Law: He was taking movie film of the autopsy?
Law: And you saw this?
Custer: I saw this. Later on it was brought out that Commander Pitzer - well of course he made commander farther down the line - had committed suicide by blowing his brains out by putting a gun in his right hand and shooting himself.
Law: What's so unusual about that if you're going to commit suicide?
Custer: Well, it's kind of funny. How can you commit suicide when you have a deformed right hand? That couldn't hold a gun? This was clue to a birth defect. And Dennis David' knew it. Everybody that knew the chief knew it and it was evident that night. When he was taking the movies, you could see the hand was deformed. But suicide was the reason for the death on his death certificate, which, I felt, was part of the cover-up. See, you have to be there. You have to see what's going on. Everything is plain and simple. It's there! It's right in front of you! The government feels the experts, so-called experts, are going to look at everything but the nose on their faces. And if you just stop and look at what's right in front of you and not try and surmise, "Well this is why, this is why that happened." My God-Kennedy's skull was pushed backward! Basic physics! You had to have a force from the front! If you had a force from the back, everything would have been pushed forward. Common sense! Doesn't take a genius to figure that one out.
Law: What happened to Bill Pitzer?
David: As l said, Bill was one of my mentors - and I took the program for MSC in '64 then - starting early '64 - and missed it. They selected forty - I was forty third on the list. In 1965 I applied for and took the program again. And there were sixty selected that year, and I was number two on the selection list. So then, in late August of '65, Congress passed the bill and the president signed the bill, and I became an officer and a gentleman (laughter). I used to laugh about that because I used to say, "Well, they made me an officer, but my mother made me a gentlemen." At least I tried to be, before that. I left Bethesda in the first week in December of '65 to go to Officer's School and Naval Justice School in Newport, Rhode Island, And shortly before I left, Bill indicated to me that he was getting ready to retire - probably in '66 - and he would have had, I think, thirty years at that time. He had been through the second world war for one thing. So I left, and reported in at Newport, Rhode Island, in the early part of January.
I went through the three weeks at Officer's Training School and Naval justice School, and was assigned to a naval hospital in Great Lakes - one of the jobs I had there was as an assistant to one of the department heads. I was in the lobby of the hospital at Great Lakes when Lieutenant Commander Barb Munroe came in and saw me and came over, and of course we renewed old friendships. And she said, "By the way, did you know Bill's dead?" And I said, "No, what happened?" Then she said, "Well, he shot himself." I said, "I don't believe that." And she said, "Well they found him with a gun in his right hand, and he blew his brains out." And I said, "But Bill's left-handed..." That's what I recall, because sometimes - back at Bethesda, Barb, Bill, and I would play bridge together - he sometimes would deal the cards in reverse, you know instead of dealing them clockwise he would deal them counter clockwise (with his left hand) and we'd kid him about it.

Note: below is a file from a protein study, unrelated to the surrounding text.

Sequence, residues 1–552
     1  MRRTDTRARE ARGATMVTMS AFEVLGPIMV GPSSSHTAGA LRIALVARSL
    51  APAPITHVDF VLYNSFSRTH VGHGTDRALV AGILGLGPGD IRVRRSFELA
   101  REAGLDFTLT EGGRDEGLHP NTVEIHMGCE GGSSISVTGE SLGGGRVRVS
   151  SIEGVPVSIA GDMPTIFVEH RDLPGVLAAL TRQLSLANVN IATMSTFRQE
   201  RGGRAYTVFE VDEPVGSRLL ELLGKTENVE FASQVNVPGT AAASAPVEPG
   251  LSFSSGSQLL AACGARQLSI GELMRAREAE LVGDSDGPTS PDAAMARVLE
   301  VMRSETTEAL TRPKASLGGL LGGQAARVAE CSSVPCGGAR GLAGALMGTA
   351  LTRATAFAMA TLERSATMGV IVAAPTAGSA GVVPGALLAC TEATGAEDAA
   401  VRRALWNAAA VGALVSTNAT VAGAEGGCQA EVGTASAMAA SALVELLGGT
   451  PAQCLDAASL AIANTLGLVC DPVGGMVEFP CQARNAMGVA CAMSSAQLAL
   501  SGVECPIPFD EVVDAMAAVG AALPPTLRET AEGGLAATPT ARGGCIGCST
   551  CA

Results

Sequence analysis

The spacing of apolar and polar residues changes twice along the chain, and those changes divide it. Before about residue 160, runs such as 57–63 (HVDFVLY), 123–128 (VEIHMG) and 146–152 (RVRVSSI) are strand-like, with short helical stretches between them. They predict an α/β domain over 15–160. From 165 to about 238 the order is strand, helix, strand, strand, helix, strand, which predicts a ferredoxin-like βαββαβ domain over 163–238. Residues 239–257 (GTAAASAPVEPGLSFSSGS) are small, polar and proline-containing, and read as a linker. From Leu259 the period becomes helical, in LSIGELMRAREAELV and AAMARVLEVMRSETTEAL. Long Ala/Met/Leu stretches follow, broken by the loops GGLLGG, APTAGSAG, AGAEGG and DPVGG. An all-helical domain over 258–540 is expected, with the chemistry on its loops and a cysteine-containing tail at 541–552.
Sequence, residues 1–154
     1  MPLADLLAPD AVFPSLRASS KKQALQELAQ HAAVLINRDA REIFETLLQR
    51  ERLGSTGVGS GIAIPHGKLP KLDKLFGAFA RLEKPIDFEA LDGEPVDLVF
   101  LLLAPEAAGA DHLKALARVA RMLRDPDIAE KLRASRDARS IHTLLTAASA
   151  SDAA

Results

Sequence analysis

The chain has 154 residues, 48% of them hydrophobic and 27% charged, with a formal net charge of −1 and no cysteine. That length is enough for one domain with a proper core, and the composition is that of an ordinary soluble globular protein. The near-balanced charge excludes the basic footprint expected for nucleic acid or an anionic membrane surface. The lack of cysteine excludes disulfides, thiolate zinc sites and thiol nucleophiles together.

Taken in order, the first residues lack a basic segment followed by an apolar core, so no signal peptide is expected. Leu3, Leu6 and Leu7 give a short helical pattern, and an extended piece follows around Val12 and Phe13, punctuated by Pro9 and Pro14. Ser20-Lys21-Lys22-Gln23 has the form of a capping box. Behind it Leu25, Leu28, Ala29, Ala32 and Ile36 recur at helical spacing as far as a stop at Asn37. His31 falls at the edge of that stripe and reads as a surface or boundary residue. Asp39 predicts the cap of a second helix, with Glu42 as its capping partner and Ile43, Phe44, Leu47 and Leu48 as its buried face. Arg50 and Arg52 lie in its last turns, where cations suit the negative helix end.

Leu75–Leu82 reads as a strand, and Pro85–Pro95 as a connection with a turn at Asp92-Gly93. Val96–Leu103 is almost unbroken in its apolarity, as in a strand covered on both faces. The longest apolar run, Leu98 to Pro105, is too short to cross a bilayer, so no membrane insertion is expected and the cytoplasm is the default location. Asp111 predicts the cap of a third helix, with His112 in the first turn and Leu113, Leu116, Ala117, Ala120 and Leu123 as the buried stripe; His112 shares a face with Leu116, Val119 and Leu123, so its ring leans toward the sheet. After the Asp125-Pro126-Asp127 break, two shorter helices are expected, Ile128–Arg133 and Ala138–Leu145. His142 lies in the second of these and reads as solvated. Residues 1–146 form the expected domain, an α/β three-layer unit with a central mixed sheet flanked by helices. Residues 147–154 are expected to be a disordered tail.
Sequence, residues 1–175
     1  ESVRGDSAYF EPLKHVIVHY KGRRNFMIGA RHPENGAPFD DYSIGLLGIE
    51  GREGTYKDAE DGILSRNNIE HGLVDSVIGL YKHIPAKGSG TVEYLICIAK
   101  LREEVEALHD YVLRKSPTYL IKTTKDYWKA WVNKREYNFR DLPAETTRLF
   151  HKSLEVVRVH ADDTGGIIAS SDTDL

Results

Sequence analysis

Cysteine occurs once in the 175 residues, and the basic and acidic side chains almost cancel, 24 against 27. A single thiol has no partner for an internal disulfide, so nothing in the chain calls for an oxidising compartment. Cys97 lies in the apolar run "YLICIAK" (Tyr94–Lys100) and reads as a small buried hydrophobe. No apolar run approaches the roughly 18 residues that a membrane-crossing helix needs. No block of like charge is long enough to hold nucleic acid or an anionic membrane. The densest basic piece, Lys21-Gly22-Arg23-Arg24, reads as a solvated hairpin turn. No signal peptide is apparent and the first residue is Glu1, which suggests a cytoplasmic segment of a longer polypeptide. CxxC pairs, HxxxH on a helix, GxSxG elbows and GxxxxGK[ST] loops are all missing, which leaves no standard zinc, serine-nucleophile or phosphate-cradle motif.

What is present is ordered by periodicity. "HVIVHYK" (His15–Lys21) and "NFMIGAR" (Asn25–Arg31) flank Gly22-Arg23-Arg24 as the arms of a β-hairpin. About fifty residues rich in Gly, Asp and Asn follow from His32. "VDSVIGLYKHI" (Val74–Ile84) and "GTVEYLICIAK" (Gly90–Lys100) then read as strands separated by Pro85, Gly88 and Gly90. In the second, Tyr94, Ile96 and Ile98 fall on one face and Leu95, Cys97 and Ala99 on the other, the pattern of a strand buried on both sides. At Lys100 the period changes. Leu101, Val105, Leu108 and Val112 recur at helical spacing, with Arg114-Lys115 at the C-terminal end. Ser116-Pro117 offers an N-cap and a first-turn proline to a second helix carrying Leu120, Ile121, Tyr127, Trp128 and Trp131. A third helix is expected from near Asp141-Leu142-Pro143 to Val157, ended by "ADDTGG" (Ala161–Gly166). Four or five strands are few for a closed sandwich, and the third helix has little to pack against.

That was the first time I had heard he was dead. I asked, "Well, why did he commit suicide?" And she said "It's highly questionable that he did." I said, "Well, it stands to reason." And then she said something to me about, "Did you know that he'd had some pretty good job offers?" And I said I had, and that just before the last time I'd seen him, just before I'd left Bethesda, he'd told me that lie had some very lucrative offers from a couple of the national networks like ABC, CBS, to go to work for them. I said, "I suspect it was probably because of some of the films and the material he had from the assassination." She said, "You know he had those?" And I said, "Yes, because l was over there a couple, three days after the autopsy and saw them." She kind of nodded her head as though she agreed with me, or something like that.
Law: Did she apparently know that he had the film?
David: I don't know whether she did. She seemed surprised when I told her that I knew about it though. Now whatever that was -the reaction - that was the first time she heard... we really didn't discuss it too much after that, because even in '67 - excuse me, in '66 May or June - you still didn't talk about what you knew, your experiences on the night of the assassination. It was still classified information.
Law: It's not so unusual that somebody would commit suicide. It happens every day. Why do you feel that Bill Pitzer would not have done this?
David: Because I knew the man. You can say well, lie wasn't the type to commit suicide. Well, what type will commit suicide? I don't know, it was just a gut feeling. I didn't think that he would do it. He had been through too many stressful situations in his life. Second world war-he had been in and out of Vietnam for various and sundry reasons-dealing with classified information and I didn't think-you know, lie was not a weak personality type, or type of person who would ever run into anything he couldn't handle, whether it be stressful or whatever, mental. I knew lie had some problems with his kids, but lie generally had a "well you know it will work itself out" attitude towards that. So I don't know. I just didn't feel like lie was the kind of man who would commit suicide.